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The Family Systems Theory

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Omoye L

on 5 October 2013

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Transcript of The Family Systems Theory

The Family Systems Theory
The Theory
Developed by Dr. Murray Bowen
One of the major theories in behavioral and social sciences
Often referred to as the "Bowenian Family Systems Theory" (Galica, 2013)
Theory focuses on the structure of the entire family instead of the characteristics of each of its parts (Brown, 2004; Galica 2013)
For example...
Focusing on how the whole family is working together instead of the behavior of individual members
(Brown, 2004)
Seeing behavioral problems of individual members as symptoms of the problems in the family as a whole
(Brown 2004)
Foundation of theory: individual behavior cannot be understood without taking into account of the family system
Key Terms In The Family Systems Theory
The Family Systems Theory has 8 concepts: (Rabstejnek, 2012)
Differentiation of self
The Nuclear Family Emotional System
The Family Projection Process
Emotional Cut-Off
Multigenerational Transmission Process
Sibling Position
Societal Regression
Differentiation of Self
Families affect how people think, feel, and act
The opposite of differentiation is fusion (Galica, 2013)
"Fused" people lean towards their families to define how they think about certain issues (Brown, 2004)
People with higher levels of differentiation do not easily accept the attitude of the people around them but develop their actions and feelings on their own (Rabstejnek, 2012)
Differentiation of self is the ability to define who you are by having different values and opinions from family members but being able to stay emotionally connected to them
3 person emotional system (Galica, 2013)
Considered the building block of a larger emotional system (Rabstejnek, 2012)
When there is a disagreement between 2 people, they usually try to relieve the discomfort by forming a triangle with a third person (Galica, 2013)
When the two-person system is unstable , it tends to draw in a 3rd person to stabilize it (Rabstejnek, 2012)
Triangles form when tension in a two-person relationship runs high and goes into other relationships in the family (Galica, 2013)
When the anxiety gets too high in a triangle, it spreads to other triangles, going further into the family system (Brown, 2004)
The behavior can develop into patterns that can be passed on through generations
The Nuclear Family Emotional System
The 4 basic relationship patterns that define where problems develop in a family (Galica, 2013)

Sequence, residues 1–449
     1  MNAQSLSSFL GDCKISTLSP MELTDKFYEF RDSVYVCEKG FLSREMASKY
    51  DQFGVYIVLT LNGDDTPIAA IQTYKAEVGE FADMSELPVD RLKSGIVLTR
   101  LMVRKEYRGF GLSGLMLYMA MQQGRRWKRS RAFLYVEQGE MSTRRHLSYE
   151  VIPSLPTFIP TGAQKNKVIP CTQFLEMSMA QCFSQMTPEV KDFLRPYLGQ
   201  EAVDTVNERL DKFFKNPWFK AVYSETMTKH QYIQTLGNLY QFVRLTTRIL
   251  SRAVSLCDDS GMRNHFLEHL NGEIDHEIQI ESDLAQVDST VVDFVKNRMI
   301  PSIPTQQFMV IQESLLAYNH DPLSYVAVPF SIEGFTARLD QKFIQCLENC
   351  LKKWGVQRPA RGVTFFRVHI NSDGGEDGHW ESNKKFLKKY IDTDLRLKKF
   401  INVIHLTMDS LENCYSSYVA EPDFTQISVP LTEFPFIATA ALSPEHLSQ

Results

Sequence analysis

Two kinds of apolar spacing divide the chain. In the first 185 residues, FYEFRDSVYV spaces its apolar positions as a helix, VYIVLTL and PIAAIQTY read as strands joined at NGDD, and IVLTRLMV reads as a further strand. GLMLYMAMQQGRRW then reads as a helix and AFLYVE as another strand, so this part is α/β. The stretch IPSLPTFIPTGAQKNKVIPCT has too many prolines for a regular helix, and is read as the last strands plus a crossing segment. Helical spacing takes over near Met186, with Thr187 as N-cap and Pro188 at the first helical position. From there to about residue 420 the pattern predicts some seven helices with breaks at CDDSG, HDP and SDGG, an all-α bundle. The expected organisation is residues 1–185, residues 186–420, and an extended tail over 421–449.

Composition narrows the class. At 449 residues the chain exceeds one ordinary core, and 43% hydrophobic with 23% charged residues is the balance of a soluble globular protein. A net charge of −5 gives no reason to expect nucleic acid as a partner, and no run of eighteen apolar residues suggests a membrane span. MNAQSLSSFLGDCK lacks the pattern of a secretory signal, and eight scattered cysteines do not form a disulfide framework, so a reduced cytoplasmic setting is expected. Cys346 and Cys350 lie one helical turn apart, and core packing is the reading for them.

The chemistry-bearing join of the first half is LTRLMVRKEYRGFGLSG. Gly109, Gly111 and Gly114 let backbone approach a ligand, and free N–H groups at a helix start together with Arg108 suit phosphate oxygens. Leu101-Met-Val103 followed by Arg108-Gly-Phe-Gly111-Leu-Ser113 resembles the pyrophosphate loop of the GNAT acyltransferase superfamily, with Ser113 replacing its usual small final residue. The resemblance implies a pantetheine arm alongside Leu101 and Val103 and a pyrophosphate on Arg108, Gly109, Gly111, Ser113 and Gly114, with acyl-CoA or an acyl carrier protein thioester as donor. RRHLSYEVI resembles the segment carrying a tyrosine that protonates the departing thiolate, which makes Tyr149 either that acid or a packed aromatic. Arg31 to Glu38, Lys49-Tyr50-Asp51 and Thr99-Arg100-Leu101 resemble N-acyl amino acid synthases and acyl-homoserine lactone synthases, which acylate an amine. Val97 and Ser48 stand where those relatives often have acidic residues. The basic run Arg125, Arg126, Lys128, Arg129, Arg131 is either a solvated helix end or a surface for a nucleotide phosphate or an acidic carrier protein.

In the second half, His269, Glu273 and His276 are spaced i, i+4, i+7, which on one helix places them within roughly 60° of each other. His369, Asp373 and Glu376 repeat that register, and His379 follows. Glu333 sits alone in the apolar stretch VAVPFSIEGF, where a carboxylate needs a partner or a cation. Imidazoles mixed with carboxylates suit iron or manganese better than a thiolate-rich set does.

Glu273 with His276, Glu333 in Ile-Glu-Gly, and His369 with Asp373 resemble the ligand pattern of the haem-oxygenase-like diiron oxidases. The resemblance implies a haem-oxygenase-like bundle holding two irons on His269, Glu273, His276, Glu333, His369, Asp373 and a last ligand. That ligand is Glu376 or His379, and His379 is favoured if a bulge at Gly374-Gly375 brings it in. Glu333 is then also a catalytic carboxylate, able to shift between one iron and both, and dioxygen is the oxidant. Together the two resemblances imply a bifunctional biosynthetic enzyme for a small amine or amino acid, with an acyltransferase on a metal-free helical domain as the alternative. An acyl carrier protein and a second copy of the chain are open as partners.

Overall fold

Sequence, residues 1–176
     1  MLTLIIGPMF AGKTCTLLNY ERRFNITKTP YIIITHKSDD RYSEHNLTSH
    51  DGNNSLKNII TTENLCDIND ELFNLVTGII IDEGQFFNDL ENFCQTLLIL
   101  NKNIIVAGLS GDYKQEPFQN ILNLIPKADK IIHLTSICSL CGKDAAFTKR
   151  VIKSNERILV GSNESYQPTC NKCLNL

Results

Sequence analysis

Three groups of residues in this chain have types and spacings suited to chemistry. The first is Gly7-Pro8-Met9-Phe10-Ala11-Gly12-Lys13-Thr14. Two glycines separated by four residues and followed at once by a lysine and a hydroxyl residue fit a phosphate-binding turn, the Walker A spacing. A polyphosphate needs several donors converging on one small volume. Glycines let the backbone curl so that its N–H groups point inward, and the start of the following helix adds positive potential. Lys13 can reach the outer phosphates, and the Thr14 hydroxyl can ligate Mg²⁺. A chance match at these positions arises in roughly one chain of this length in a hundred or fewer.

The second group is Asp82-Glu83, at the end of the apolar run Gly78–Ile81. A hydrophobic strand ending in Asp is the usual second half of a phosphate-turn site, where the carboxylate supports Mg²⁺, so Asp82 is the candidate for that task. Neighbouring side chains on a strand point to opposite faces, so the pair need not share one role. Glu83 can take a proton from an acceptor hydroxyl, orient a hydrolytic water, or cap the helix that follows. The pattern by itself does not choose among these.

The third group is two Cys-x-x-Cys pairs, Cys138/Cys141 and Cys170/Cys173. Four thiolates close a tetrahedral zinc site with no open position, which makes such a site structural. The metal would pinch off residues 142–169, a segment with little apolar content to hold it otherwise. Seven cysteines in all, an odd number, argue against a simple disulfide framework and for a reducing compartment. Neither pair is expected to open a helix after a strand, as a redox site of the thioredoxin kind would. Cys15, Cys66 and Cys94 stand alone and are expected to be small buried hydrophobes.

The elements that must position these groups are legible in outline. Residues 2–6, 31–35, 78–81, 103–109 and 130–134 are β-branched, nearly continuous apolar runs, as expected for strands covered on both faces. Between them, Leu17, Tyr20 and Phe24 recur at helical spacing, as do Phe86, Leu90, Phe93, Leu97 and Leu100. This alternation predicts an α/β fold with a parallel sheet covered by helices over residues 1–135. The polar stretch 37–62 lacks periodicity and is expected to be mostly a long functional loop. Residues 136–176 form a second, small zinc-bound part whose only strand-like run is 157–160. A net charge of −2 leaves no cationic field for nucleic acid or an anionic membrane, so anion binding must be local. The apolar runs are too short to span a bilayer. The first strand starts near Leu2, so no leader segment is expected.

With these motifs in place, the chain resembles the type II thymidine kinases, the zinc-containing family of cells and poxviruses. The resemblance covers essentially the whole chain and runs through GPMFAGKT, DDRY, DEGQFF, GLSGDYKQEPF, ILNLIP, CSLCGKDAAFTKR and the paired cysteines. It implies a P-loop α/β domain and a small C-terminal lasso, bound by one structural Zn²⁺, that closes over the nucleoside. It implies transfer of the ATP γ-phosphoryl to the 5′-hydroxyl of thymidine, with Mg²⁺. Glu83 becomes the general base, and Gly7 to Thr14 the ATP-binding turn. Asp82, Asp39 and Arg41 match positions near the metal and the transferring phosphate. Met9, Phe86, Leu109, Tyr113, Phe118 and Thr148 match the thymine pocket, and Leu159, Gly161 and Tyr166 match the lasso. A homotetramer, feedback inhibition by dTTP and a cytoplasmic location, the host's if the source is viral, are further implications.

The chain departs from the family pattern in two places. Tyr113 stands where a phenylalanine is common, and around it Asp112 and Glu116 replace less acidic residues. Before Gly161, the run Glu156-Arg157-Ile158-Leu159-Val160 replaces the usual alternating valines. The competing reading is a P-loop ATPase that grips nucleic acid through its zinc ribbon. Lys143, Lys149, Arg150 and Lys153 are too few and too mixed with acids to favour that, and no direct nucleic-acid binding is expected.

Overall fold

The 4 patterns are: marital conflict, dysfunction in one spouse, impairment of one or more children, & emotional distance (Galica, 2013)
Describes patterns of the emotional functions within a family
Patterns in the current generation is usually a reproduction of previous generations
Often repeats again in future generations
The Family Projection Process
Spread of emotional problems from a parent (s) to a child
Children inherit problems through the relationships with their parents (Galica, 2013)
The projection process follows 3 steps:
the parent focuses on a child out of fear that something is wrong
the parent interprets the child's behavior as confirming the fear
the parent treats the child as if something is really wrong
(Galica, 2013)
Emotional Cut-Off
people handling their unsettled emotional disputes with family members by decreasing or completely cutting off interaction with them (Elsiver, 2009)
Multigenerational Transmission Process
describes how small differences in the stages of diversity between parents and their children stay over many generations and the noticeable differences and variation among the members (Elsiver, 2009)
Sibling Position
concept that people who grow up in similar sibling situation would have common features (Elsiver, 2009)

e.g.; older siblings tend to form into leadership positions and youngest children often prefer to be followers

Societal Regression
an emotional system that oversees behavior on a societal level, encouraging progressive and regressive phases in a society (Elsiver, 2009)

Assumptions The Theory Is Based On
A parent constantly worrying that their child is sick and takes them to the doctor every week although the child is perfectly healthy. Due to the parent's fears, the child tricks themselves into thinking that they are "sick." The fear is confirmed in the parent by the child's behavior, and treats the child like a sick patient.